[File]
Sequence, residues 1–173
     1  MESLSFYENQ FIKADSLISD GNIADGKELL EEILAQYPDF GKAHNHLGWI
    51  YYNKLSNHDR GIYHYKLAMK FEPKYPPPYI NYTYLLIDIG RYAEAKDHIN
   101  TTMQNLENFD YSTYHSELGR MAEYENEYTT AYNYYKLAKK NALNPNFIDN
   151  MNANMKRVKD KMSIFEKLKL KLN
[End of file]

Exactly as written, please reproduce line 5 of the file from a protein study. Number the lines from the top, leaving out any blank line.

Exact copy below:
   151  MNANMKRVKD KMSIFEKLKL KLN